Every bill that is introduced during a general or special session of the Colorado General Assembly is assigned a bill number that is unique to that bill and that session. The complete bill number is printed in the upper right corner of the first page of each bill.
In Colorado, a bill number cannot carry over from one session to another. If a bill does not pass during a session, the same bill topic can be introduced in a future session as a new bill, with a new bill number. Furthermore, that new bill would start at the beginning of the legislative process, not from some point where a prior bill had failed.
Bill numbers are assigned by non-partisan chamber staff in the order that bills are received from the Office of Legislative Legal Services, bill prime sponsors, and/or the presiding officer of that chamber.
When a member of the House of Representatives is the originating prime sponsor of a bill, the bill will be introduced in the House, and it will be assigned a House bill number. House bills are designated with the two-letter abbreviation “HB”.
When a member of the Senate is the originating prime sponsor of a bill, the bill will be introduced in the Senate, and it will be assigned a Senate bill number. Senate bills are designated with the two-letter abbreviation “SB”.
A two-digit number, which designates year, will follow the two-letter chamber abbreviation. If a bill is introduced during a special session, a letter will be added to the two-digit session year number. The letter “B” would designate the First Extraordinary Session held during that year. Please note that, prior to 2013, bills introduced during special sessions were designated with the letter “S”.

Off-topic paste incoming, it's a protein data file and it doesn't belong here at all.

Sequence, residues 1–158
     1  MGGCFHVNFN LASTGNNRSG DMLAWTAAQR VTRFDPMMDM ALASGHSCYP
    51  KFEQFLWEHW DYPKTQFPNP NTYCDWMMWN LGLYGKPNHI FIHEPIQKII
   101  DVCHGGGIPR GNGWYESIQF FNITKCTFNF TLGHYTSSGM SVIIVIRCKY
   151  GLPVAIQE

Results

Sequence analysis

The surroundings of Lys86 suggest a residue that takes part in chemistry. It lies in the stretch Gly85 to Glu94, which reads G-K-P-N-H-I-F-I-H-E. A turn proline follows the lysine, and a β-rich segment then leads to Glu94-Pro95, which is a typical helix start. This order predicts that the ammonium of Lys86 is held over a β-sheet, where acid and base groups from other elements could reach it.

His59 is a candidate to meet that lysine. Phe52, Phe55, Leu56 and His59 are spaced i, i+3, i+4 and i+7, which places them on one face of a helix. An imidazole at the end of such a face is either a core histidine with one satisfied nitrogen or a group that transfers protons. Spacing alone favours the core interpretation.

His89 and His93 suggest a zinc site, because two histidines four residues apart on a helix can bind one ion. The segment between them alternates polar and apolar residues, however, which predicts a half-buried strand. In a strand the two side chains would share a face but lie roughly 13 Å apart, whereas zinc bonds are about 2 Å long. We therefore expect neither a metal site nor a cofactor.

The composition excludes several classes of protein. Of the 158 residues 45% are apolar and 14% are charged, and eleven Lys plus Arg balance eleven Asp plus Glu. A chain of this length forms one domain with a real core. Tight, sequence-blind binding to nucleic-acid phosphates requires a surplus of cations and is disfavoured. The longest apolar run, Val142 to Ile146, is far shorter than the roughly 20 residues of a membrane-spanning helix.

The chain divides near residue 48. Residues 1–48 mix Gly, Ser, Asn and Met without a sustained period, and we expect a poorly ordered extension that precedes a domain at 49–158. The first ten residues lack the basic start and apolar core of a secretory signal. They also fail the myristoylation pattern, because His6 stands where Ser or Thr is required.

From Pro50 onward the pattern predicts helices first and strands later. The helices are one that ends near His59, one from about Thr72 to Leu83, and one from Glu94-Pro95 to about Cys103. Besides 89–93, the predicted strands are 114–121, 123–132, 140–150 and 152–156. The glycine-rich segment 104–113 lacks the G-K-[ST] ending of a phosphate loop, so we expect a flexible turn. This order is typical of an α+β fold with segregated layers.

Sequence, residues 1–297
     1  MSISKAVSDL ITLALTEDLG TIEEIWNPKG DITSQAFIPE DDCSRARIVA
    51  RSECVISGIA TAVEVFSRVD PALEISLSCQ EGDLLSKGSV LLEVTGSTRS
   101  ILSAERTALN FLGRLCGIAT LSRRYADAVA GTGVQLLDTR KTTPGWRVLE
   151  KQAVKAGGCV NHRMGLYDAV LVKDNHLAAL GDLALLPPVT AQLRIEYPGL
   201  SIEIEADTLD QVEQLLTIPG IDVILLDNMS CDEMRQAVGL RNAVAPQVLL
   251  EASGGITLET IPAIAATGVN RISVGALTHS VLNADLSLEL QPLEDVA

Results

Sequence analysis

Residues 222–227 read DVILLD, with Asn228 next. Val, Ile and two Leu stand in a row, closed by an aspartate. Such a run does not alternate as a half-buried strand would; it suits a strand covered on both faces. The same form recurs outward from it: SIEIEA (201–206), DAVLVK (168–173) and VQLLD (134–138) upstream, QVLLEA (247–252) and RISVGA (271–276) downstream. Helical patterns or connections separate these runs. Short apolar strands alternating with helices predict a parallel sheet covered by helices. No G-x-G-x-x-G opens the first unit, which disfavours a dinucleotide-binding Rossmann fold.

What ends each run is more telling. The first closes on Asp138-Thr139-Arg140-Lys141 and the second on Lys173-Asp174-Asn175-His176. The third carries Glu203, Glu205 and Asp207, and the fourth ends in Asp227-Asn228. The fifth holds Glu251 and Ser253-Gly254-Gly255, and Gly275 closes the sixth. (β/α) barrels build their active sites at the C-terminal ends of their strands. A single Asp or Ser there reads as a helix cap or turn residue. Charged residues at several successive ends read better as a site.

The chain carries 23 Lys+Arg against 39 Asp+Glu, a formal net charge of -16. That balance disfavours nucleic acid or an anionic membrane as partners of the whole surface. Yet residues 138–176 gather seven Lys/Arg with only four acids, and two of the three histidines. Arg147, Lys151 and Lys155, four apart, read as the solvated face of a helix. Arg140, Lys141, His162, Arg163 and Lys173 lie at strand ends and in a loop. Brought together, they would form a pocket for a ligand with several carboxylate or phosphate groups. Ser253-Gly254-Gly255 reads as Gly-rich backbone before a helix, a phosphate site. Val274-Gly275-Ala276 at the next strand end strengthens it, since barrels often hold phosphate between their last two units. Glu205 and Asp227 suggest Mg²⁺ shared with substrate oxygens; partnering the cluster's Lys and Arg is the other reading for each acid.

House bills are assigned four-digit bill numbers, starting with the number “1001”. If a House bill were introduced as “1234”, that would designate the 234th House bill to be introduced during that session.
Senate bills are assigned three-digit numbers, starting with the number “001”. If a Senate bill were introduced as “135”, then that would designate the 135th Senate bill to be introduced during that session.
During a session, it is common for people to refer to bills simply by those three- or four-digit numbers. However, keep in mind that same numbering sequence is used every session. Thus, when referring to a bill from a prior session, it can be helpful to use the entire bill numbering sequence (Chamber-Year-Number) to avoid confusion between bills from different sessions that happen to share the same three- or four-digit number.
When speaking to a legislator about a bill, it can be helpful to refer to the bill number and the title or general topic of that bill. While a certain bill might be of immediate interest to you, it could be days, weeks, or even months before a given legislator would have opportunity to vote on that bill. Thus, he/she may not yet be familiar with it. That is especially true for members of the second chamber while a given bill is still in its first chamber.
Here in Colorado, when a bill passes through its first chamber, it then moves to the second chamber under the same bill number. For comparison, in some legislative environments, the second chamber might consider “companion” legislation under a bill number that is associated with that second chamber. However, here in Colorado, House bills that pass through the House continue in the Senate as House bills. Senate bills that pass through the Senate continue in the House as Senate bills.